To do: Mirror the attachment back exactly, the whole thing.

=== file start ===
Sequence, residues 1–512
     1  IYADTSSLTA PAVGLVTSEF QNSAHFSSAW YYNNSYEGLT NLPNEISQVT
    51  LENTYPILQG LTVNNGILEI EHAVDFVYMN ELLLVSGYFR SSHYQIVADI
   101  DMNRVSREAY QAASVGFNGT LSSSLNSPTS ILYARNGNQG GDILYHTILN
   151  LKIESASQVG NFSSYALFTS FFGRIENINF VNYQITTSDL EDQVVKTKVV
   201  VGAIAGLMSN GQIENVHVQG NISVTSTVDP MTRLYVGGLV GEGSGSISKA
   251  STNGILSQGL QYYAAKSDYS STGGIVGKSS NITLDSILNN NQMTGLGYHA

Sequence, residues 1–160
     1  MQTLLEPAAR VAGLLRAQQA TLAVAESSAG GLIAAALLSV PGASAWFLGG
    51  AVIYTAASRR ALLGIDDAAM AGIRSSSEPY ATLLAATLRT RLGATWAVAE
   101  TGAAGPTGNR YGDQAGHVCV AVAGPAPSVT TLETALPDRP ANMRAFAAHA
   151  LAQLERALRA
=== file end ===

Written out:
Sequence, residues 1–512
     1  IYADTSSLTA PAVGLVTSEF QNSAHFSSAW YYNNSYEGLT NLPNEISQVT
    51  LENTYPILQG LTVNNGILEI EHAVDFVYMN ELLLVSGYFR SSHYQIVADI
   101  DMNRVSREAY QAASVGFNGT LSSSLNSPTS ILYARNGNQG GDILYHTILN
   151  LKIESASQVG NFSSYALFTS FFGRIENINF VNYQITTSDL EDQVVKTKVV
   201  VGAIAGLMSN GQIENVHVQG NISVTSTVDP MTRLYVGGLV GEGSGSISKA
   251  STNGILSQGL QYYAAKSDYS STGGIVGKSS NITLDSILNN NQMTGLGYHA

Sequence, residues 1–160
     1  MQTLLEPAAR VAGLLRAQQA TLAVAESSAG GLIAAALLSV PGASAWFLGG
    51  AVIYTAASRR ALLGIDDAAM AGIRSSSEPY ATLLAATLRT RLGATWAVAE
   101  TGAAGPTGNR YGDQAGHVCV AVAGPAPSVT TLETALPDRP ANMRAFAAHA
   151  LAQLERALRA